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Mijoo Kim, a New York-based photographer, decided to document South Korea’s fearless “Sea Women” in an intimate series called The Mother of the Sea.

Referred to locally as Haenyo, these intrepid elderly women swim up to depths of 65ft (20 metres) to the ocean floor where they collect sea abalones, urchins, sea cucumbers and squid. They do so without oxygen tanks and sometimes they hold their breath for over two minutes at a time while submerged in the freezing cold waters of the Korea Strait. Many of them are over 70 years old and their numbers are slowly dwindling as young Korean women move to the mainland in search of education and employment. “These women divers are carrying on a Korean legacy and will be the last of their kind,” Kim told The Huffington Post. “They are the last generation of Haenyo.”

More info: Mijoo Kim (h/t: huffpost)

These women in South Korea are called Haenyo, which means “Sea Women”

They swim up to depths of 65ft (20 metres) to the ocean floor where they collect sea abalones, urchins, sea cucumbers and squid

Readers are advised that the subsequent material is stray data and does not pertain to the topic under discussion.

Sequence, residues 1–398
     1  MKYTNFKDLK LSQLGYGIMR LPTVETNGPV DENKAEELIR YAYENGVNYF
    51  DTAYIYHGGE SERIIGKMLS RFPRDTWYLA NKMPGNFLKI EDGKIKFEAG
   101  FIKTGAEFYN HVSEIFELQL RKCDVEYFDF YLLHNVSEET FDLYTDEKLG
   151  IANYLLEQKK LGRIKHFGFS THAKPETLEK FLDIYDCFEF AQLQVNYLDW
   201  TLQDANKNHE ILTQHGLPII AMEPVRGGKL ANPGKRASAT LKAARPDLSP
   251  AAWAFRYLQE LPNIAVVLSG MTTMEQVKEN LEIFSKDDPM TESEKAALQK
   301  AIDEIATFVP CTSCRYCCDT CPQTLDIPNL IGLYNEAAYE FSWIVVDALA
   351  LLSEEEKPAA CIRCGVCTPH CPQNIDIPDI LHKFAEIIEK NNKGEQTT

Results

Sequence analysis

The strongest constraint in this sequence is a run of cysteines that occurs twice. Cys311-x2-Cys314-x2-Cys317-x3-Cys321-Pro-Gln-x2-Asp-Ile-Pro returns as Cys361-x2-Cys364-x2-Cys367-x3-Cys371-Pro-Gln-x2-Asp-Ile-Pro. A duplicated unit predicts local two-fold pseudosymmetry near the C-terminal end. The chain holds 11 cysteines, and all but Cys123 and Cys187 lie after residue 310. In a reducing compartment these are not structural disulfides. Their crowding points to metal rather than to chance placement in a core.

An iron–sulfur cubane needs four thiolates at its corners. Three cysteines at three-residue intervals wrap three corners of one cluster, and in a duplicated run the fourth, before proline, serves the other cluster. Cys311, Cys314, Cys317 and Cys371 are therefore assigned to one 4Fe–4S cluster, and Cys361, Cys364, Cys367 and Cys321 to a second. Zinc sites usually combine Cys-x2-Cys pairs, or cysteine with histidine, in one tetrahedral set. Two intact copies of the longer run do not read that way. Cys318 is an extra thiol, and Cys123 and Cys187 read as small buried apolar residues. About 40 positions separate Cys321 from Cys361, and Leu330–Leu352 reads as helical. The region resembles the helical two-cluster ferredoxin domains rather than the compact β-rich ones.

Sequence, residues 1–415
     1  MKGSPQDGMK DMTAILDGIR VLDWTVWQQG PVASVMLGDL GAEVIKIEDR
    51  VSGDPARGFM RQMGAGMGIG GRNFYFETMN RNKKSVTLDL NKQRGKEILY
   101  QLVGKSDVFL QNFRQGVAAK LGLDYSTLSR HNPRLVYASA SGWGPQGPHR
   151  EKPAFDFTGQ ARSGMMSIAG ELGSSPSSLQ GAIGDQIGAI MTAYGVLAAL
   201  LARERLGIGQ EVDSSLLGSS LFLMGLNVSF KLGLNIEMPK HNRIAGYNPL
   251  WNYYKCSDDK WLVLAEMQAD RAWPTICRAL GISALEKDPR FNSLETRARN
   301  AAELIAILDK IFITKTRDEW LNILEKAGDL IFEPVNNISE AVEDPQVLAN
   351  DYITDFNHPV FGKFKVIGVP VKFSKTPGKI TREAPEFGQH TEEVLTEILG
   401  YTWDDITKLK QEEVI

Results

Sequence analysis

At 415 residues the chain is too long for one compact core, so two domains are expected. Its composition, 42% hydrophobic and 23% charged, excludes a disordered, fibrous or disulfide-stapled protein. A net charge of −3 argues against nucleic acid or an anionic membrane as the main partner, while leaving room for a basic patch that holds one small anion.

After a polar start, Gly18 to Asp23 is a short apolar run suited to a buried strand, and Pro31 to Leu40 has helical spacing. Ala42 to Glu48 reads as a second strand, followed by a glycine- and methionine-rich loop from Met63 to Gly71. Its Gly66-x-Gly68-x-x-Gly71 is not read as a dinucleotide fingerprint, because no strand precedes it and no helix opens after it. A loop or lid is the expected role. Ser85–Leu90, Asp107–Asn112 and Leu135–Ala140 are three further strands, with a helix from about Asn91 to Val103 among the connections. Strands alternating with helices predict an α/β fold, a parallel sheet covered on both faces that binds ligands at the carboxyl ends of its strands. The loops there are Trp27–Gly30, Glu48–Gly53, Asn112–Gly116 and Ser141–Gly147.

They dive without oxygen tanks and sometimes hold their breath for over 2 minutes at a time

Many of the Haenyo are over 70 years old!

They dive in the Korean Strait and the water is often freezing cold

Their numbers are slowly dwindling as young Korean women move to the mainland in search of education and employment

“These women divers are carrying on a Korean legacy and will be the last of their kind,” says photographer Mijoo Kim

“They are the last generation of Haenyo”

The practice goes as far back as the 5th century

“Being a Haenyo is certainly not meant to be for the weak,” she writes

“Hence the saying in Korea, “Haenyos do the work of the dead in the land of the living””